The dual wireless sensors monitor babies' vital signs — heart rate, respiration rate and body temperature — from opposite ends of the body. One sensor lies across the baby's chest or back, while the other sensor wraps around a foot. (The chest sensor measures 5 centimeters by 2.5 centimeters; the foot sensor is 2.5 centimeters by 2 centimeters). This strategy allows physicians to gather an infant's core temperature as well as body temperature from a peripheral region.
"Differences in temperature between the foot and the chest have great clinical importance in determining blood flow and cardiac function," Rogers says. "That's something that's not commonly done today."
Physicians also can measure blood pressure by continuously tracking when the pulse leaves the heart and arrives at the foot. Currently, there is not a good way to collect a reliable blood pressure measurement. A blood pressure cuff can bruise or damage an infant's fragile skin. The other option is to insert a catheter into an artery, which is tricky because of the slight diameter of a premature newborn's blood vessels. It also introduces a risk of infection, clotting and even death.
"We are missing a great deal of information where there may be variations in blood pressure over the course of the day," says neonatologist Dr. Aaron Hamvas. "These variations in blood pressure may have a significant impact on outcomes."
The device also could help fill in information gaps that exist during skin-to-skin contact. If physicians can continue to measure infants' vital signs while being held by their parents, they might learn more about just how critical this contact might be. Transparent and compatible with imaging, the sensors also can be worn during X-rays, MRIs and CT scans.
Saving 'incredibly fragile' skin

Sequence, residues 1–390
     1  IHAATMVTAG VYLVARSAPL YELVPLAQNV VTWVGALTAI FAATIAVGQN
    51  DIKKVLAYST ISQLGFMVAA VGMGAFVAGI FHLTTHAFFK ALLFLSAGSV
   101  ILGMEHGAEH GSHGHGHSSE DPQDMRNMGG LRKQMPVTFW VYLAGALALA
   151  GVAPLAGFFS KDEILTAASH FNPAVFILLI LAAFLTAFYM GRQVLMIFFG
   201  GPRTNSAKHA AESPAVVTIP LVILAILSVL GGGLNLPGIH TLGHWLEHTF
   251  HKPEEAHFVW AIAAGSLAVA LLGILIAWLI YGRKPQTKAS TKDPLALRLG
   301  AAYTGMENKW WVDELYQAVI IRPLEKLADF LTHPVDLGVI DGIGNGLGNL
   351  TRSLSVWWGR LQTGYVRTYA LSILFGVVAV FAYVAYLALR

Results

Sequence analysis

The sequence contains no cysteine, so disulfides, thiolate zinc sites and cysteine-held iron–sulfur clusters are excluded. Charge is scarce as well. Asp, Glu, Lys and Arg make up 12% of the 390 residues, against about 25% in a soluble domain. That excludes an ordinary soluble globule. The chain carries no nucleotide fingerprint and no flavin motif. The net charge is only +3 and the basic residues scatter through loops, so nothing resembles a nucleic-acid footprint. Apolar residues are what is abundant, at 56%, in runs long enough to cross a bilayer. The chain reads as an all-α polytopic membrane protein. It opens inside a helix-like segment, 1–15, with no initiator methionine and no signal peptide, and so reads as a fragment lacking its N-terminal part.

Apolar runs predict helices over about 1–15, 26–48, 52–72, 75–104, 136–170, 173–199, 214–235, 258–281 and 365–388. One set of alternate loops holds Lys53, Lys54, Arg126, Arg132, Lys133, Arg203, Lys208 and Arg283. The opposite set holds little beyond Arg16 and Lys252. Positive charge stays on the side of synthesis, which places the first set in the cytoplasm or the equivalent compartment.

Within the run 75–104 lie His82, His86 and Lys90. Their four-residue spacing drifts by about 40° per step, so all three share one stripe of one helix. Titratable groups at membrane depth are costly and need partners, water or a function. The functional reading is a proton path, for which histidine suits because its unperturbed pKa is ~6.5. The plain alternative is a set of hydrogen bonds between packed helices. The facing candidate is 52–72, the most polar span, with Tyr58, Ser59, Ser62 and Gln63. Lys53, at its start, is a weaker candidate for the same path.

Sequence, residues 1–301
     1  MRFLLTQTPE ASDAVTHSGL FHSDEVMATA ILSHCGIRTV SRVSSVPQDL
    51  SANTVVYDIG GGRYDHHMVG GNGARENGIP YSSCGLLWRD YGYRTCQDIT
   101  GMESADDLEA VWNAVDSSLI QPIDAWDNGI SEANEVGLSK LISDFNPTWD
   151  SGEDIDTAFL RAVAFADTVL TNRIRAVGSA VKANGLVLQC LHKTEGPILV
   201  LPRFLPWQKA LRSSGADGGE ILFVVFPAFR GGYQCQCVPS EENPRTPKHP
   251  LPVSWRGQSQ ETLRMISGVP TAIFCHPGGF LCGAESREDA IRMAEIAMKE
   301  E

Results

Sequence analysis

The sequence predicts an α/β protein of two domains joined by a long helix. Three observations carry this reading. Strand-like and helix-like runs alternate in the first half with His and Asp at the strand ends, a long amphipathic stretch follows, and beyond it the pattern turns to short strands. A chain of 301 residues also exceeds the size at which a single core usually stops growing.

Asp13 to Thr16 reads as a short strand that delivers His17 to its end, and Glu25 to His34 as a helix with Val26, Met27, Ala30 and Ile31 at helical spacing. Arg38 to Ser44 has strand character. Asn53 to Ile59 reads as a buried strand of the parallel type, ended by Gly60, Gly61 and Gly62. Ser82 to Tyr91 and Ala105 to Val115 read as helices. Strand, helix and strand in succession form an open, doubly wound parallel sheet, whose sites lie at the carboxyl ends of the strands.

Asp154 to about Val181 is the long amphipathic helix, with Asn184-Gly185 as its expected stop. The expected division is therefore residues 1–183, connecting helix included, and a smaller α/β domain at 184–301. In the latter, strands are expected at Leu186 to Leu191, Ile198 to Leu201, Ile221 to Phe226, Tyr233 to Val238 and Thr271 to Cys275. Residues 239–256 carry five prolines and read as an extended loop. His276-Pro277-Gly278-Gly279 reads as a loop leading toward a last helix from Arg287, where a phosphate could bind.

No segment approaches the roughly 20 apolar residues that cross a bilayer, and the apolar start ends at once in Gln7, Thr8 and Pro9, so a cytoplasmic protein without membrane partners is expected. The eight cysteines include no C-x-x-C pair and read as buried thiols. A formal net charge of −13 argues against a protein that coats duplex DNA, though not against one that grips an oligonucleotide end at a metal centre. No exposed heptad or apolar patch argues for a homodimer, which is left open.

The blood pressure cuff isn't the only potentially damaging part of current technology. Many premature babies suffer skin injuries from the sticky tape that adheres the wires to the body. Tape can cause skin irritation, blisters and, ultimately, infections. In some cases, this damage can lead to lifelong scarring.
"Premature babies' skin is not fully developed, so it's incredibly fragile," Paller says. "In fact, the thickness of the skin in premature infants is about 40 percent reduced. The more premature you get, the more fragile the skin becomes. That means we have to be very careful."
The Northwestern team has studied 70 babies in the NICU thus far and found no sign of skin damage from the wireless sensors. The sensor's skin-saving secret lies in its lightweight nature, thin geometry and soft mechanics. The paper-thin device is made from bio-compatible, soft elastic silicone that embeds a collection of tiny electronic components connected with spring-like wires that move and flex with the body. Rogers worked with longtime collaborator and stretchable electronics and theoretical mechanics expert Yonggang Huang to come up with an optimal design.
The wireless sensor communicates through a transmitter placed underneath the crib's mattress. Using radio frequencies the same strength as those in RFID tags, the antenna transmits data to displays at the nurses' station. Although it can be sterilized and reused, the sensor is cheap enough (about $10) that it can simply be discarded after 24 hours and replaced with a new one to eliminate any risk of infection.
When will sensors enter hospitals?
Rogers estimates that his wireless sensors will appear in U.S. hospitals within the next two to three years. With support from two major nonprofit organizations, Rogers' team expects to send sensors to tens of thousands of families in developing countries over the next year as part of an international effort.
"We're proud of the fact that this technology isn't just limited to advanced NICUs in developed countries," Xu says. "The technology can be adapted with minimal modification for low-resource settings."
Source and top image: Northwestern University